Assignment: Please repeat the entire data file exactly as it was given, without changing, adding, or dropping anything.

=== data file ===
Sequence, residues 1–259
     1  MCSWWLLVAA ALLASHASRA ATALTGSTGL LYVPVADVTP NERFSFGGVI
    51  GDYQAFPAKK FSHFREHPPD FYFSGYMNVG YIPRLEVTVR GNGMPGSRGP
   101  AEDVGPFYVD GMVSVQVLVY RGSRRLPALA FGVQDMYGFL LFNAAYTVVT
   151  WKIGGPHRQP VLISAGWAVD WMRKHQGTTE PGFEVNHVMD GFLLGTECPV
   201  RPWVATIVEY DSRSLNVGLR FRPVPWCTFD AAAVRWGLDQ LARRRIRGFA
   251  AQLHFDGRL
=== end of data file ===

Sequence, residues 1–259
     1  MCSWWLLVAA ALLASHASRA ATALTGSTGL LYVPVADVTP NERFSFGGVI
    51  GDYQAFPAKK FSHFREHPPD FYFSGYMNVG YIPRLEVTVR GNGMPGSRGP
   101  AEDVGPFYVD GMVSVQVLVY RGSRRLPALA FGVQDMYGFL LFNAAYTVVT
   151  WKIGGPHRQP VLISAGWAVD WMRKHQGTTE PGFEVNHVMD GFLLGTECPV
   201  RPWVATIVEY DSRSLNVGLR FRPVPWCTFD AAAVRWGLDQ LARRRIRGFA
   251  AQLHFDGRL